Worlds Apart: Part 3

Worlds Apart 3by Aetna’s Tom Sopel

Read Part 2 here…

As for Guatemalan EMS, we were very fortunate to be introduced to Mr. Arturo Pineda, Chief of Services, EMT, who was a longtime friend of Jorges. Mr. Pineda was kind enough to show us their base of operations.

He explained that most services, like their own, were Fire/EMS, and that EMS was provided under three different systems in Guatemala. There were the private companies that catered to the wealthy, the semi-private system that catered to the elderly and special populations, and lastly there was the public system, which he operated under.

The public system, although free, was extremely overburdened and having a waiting list of calls was sometimes an unfortunate reality. Mr. Pineda and his team at Cuerpo de Bomberos Municipales de La Antigua would run one or two ambulance for all of La Antigua, covering everything. It’s more understandable when you see that La Antigua’s population of 34,000 pales in comparison to Hartford’s 125,000. They had about three ambulances total, all donated from Japan from what appeared to be the 1980s.

When asked if I could inspect their equipment I found an oxygen tank, a stretcher and an AED/3 lead ECG that dated back to what I’d assume was the 70s, a long ways away from what is available to us in our ambulances. The medications they are legally allowed to provide are oxygen, glucose, albuterol and epinephrine, however they only carried oxygen, the other 3 would have to be provided by the patient. It’s moments like these where you really appreciate being able to collar a patient, or having things like trauma pads and nasal cannulas.

As for the paramedic level, medic positions will usually be filled by doctors, because the political and financial environment pushes them into field. Even then, whether they have any medications to give is a game of chance. This all being said, the work that the men and women working for the Bomberos Municipales de La Antigua is nothing short of amazing.

Worlds Apart: Part 2

Worlds Apart 2

Aetna on top of Mt. Pacaya!

by Aetna’s Tom Sopel

Read Part 1 here….

“So how long does it take for an ambulance to show up to these places if people need immediate attention” I asked Jorge and Dr. Vela. Hours. Not one or two, but possibly five or eight. An overburdened, underfunded EMS system meant for longer response times and some of these villages are so remote that they can only be accessed by vehicles in the dry season (summer months), otherwise the rivers grow too torrential to let cars pass. One clinic we ran was particularly deep into the jungle and hadn’t seen a clinic in over 25 years! That was the day a child saw my white, foreign face and ran away crying. It’s like he didn’t even care that I have an awesome personality…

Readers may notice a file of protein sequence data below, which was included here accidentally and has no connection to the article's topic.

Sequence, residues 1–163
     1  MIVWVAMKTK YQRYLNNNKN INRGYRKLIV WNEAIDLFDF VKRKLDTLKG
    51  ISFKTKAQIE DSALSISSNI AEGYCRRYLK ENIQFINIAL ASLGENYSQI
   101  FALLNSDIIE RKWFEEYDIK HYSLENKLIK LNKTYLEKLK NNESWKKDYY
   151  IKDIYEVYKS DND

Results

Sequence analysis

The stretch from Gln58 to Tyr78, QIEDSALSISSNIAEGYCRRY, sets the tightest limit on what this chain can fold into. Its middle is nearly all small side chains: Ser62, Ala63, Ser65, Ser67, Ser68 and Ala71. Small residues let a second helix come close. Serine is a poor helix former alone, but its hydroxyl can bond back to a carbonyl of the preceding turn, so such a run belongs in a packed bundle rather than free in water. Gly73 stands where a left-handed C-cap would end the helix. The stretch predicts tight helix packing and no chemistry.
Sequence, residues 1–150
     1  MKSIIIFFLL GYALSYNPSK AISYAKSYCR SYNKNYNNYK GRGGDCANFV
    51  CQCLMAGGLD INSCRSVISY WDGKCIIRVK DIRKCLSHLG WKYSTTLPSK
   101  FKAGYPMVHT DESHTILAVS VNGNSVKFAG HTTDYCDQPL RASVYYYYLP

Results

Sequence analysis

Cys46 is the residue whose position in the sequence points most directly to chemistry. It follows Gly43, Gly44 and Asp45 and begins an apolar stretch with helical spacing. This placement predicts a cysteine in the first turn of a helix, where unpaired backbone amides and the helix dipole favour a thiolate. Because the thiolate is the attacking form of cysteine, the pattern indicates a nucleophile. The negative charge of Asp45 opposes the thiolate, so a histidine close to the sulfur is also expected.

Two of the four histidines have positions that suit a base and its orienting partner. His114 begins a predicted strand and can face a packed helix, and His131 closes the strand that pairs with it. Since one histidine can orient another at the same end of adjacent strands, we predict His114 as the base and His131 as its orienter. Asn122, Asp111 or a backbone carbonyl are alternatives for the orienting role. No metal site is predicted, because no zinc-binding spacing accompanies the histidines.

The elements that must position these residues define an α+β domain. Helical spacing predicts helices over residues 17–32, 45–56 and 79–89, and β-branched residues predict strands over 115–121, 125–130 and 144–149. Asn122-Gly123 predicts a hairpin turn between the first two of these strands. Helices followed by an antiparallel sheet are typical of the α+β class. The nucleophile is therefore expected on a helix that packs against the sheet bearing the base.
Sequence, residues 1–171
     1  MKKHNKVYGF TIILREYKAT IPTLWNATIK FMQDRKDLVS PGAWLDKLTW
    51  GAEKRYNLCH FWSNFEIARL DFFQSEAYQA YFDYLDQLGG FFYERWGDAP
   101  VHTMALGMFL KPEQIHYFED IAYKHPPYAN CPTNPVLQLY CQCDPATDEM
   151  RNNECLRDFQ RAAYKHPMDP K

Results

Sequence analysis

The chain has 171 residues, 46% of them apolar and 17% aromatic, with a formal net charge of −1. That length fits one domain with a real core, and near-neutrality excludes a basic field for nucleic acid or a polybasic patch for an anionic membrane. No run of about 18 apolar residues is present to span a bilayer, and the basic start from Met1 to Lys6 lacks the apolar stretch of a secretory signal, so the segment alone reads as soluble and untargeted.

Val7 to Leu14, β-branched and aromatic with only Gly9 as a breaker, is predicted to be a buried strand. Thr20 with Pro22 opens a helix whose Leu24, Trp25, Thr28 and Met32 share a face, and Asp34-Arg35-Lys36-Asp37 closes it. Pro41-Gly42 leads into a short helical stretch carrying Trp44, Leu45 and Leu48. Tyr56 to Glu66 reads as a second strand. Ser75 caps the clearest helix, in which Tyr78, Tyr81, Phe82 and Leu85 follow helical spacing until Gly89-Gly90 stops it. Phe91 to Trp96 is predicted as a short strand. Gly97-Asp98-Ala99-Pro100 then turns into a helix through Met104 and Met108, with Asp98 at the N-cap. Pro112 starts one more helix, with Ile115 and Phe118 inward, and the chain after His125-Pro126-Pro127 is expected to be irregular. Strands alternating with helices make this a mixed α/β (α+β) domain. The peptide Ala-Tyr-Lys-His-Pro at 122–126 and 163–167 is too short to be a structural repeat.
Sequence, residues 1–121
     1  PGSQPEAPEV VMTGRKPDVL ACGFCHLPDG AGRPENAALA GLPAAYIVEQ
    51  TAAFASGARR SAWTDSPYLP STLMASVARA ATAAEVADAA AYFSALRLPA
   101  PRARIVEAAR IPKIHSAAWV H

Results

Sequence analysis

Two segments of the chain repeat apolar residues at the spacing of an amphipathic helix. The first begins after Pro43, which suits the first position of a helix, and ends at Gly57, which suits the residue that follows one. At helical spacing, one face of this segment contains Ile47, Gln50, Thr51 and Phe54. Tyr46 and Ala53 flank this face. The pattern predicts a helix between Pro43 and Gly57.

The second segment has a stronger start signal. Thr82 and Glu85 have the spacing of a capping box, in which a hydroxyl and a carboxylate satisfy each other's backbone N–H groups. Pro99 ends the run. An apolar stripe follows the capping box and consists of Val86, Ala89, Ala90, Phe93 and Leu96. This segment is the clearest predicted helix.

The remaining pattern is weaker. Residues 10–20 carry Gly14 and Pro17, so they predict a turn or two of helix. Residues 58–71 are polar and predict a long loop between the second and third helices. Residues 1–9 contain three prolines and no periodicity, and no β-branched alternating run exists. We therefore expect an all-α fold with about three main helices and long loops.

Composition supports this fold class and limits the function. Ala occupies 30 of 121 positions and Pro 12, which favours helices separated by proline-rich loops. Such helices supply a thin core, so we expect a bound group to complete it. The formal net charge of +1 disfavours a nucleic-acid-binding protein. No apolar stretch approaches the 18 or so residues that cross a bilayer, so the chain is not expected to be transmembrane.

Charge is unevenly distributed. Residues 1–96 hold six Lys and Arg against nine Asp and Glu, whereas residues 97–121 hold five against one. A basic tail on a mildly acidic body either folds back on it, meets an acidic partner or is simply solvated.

Ok, so let’s say something happens and you can wait the few hours for an ambulance to get there. You were somehow able to stretch that golden hour of your stroke into a tarnished eight, then what? Hop in the back and start burning rubber, right? Wrong. The Guatemalan healthcare system won’t take you unless have all your paperwork signed and filled out for that particular trip, as payments need to be established BEFORE the trip, not after. That brings the interesting question: What if you’re unconscious? Well, you better hope that a loved one is around to do the paperwork for you then! Ok, stroke survived, paperwork filled out, hospital time! Wrong again.

As it turns out, treatment in Guatemala is based on a graded scale where treatment isn’t necessarily catered to acuity. You’re bumped up to progressively more and more developed health care facilities until you reach the one you need. Where first you’re dropped off at a clinic like the ones we ran or an average doctors office, and then they slowly pass you up the chain until you’re finally allowed to be transferred to a hospital. All they do in the meantime is stabilize the patient and pass them along – often a stark contrast to Hartford.

Worlds Apart: Part 1

Dr. Rafael Vela and myself nearing the end of a successful week of clinics.

Dr. Rafael Vela and myself nearing the end of a successful week of clinics.

by Aetna’s Tom Sopel

La Antigua, Guatemala — Hello, my name is Tom Sopel and I’m an EMT here at Aetna. This past January I flew to Guatemala to work under the Medical Humanitarian Society of Uconn in order to provide patient care to rural areas of Guatemala. The culture was as vibrant as it was care free, the kind of atmosphere that lets you slow your clock down and loosen up your laces. I guess you can say that an important medical lesson I learned out there was that the human body naturally wants to smile when it’s never been exposed to (Hartford) winter. But seriously, the place was amazing. We spent two weeks in various villages across Guatemala running health care clinics, working with hundreds of patients to provide much needed medical treatment for those in need.

Out there we were met by our friend and translator, Jorge Hernandez who helped us with organizing patient care sites and Dr. Rafael Vela, who was an amazing doctor who would volunteer his time to go with us out to the different villages and coffee plantations spotted across the jungles of Guatemala. Continue reading